Gold hits 1.5 month high on soft U.S. data, trade deal worries

Gold rose to their highest in a month and a half on Tuesday, as soft economic data out of the United States and concerns about an interim Sino-U.S. trade deal lent support to the safe-haven bullion.

Spot gold rose 0.3 percent to $1,488.99 per ounce by 0340 GMT. Earlier in the day, prices hit their highest since November 7 at $1,489.52. U.S. gold futures also edged up 0.3 percent, to $1,492.80.

Data on Monday showed new orders for key U.S.-made capital goods barely rose in November and shipments fell, suggesting business investment will probably remain a drag on economic growth in the fourth quarter.

“The weaker U.S. economic data is starting to show up … there are still concerns that the current level of tariffs will continue to weigh on the U.S. economy as we enter into 2020,” said Stephen Innes, a market strategist at AxiTrader.

Adding to concerns, Canada’s economy unexpectedly shrank by 0.1 percent in October, the first monthly decline since February, partly because of a U.S. auto strike that hit manufacturing.

Gold is considered an alternative investment during times of political and financial uncertainty.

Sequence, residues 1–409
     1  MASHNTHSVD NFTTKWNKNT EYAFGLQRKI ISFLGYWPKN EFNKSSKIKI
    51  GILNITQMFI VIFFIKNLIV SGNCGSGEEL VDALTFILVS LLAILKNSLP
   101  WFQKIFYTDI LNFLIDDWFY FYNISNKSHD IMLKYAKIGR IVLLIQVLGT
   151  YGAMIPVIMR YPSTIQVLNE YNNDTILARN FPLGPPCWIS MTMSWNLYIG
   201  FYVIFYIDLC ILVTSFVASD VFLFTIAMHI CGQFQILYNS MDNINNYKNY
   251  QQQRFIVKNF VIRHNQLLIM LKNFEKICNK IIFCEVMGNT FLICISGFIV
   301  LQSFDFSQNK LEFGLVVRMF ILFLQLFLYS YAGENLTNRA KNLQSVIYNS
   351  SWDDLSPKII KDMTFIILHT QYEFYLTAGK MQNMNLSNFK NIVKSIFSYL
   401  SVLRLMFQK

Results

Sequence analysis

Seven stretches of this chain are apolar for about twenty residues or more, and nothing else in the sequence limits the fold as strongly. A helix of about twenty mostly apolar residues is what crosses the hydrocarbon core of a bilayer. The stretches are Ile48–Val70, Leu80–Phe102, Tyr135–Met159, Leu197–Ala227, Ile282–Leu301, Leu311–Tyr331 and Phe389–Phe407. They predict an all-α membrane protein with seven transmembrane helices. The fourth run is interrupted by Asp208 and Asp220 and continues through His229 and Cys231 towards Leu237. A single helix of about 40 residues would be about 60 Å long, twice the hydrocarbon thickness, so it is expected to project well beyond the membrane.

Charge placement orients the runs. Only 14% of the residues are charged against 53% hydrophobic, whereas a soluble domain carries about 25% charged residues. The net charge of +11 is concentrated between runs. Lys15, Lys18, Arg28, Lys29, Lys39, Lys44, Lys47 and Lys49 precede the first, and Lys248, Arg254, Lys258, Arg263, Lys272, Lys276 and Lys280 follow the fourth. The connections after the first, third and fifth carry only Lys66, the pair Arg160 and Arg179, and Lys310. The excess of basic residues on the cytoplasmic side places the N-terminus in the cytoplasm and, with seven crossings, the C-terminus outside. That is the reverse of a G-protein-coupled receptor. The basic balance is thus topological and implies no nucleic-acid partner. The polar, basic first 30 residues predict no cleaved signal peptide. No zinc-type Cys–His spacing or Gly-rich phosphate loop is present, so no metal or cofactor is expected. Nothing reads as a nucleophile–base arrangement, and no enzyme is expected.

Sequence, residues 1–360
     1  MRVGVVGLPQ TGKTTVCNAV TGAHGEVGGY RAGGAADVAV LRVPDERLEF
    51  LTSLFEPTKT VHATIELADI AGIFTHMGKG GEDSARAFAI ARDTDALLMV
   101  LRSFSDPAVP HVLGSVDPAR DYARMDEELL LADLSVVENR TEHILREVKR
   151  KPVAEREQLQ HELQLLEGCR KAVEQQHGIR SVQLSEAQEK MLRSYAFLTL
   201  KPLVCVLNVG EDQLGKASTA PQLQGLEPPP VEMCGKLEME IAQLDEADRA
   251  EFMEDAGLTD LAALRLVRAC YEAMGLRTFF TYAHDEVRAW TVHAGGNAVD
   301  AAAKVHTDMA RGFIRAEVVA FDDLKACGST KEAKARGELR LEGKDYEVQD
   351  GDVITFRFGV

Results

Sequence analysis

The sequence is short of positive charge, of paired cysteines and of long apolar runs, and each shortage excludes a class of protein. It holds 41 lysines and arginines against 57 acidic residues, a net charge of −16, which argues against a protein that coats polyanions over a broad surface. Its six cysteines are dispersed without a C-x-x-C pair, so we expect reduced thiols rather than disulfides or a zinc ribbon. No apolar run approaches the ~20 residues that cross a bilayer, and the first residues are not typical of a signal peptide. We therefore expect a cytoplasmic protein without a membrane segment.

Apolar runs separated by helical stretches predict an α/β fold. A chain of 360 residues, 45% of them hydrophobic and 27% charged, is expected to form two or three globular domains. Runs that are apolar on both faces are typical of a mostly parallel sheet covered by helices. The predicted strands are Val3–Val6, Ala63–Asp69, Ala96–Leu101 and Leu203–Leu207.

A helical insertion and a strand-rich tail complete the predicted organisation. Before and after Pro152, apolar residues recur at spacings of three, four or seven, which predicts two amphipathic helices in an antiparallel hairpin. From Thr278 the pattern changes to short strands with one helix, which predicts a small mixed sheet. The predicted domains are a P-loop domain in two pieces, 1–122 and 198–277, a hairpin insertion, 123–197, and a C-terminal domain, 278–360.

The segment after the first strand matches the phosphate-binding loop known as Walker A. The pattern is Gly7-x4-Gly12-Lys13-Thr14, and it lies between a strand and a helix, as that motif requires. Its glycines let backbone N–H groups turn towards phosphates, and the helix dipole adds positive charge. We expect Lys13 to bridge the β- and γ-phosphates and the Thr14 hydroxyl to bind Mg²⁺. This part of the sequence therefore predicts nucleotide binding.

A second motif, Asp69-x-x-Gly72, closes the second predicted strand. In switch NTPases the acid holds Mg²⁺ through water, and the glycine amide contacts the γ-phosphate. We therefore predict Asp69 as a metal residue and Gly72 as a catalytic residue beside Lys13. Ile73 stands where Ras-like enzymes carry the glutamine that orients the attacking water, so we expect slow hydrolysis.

On the trade front, investors awaited further developments on the ‘phase one’ deal between the world’s top two economies.

“We are still not 100 percent clear if the ‘phase one’ deal will go through or not, it has not been signed yet … we then pivot to ‘phase two’ that suggests you need some gold, because we don’t know what the next phase is all about, how contentious of a deal that is going to be,” Innes added.

Gold was on track for its best year since 2010 with a 16 percent gain, mainly due to the 17-month tariff dispute that has roiled the global financial markets.

Even as Beijing and Washington have taken steps to defuse their dispute, they diverge on a slew of issues, including anti-government protests in Hong Kong and the treatment of Muslim Uighur minority.

Asian shares and U.S. stock futures darted in and out of losses on Tuesday as the holiday lull offset optimism of a trade deal.

Trading is expected to be subdued in many financial markets ahead of the Christmas holidays.

Elsewhere, silver rose 0.7 percent to $17.54 per ounce, after scaling its highest since November 7 at $17.57 earlier in the session.

Palladium was down 0.1 percent to $1,874.48 per ounce, while platinum was flat at $935.89.

Source: Reuters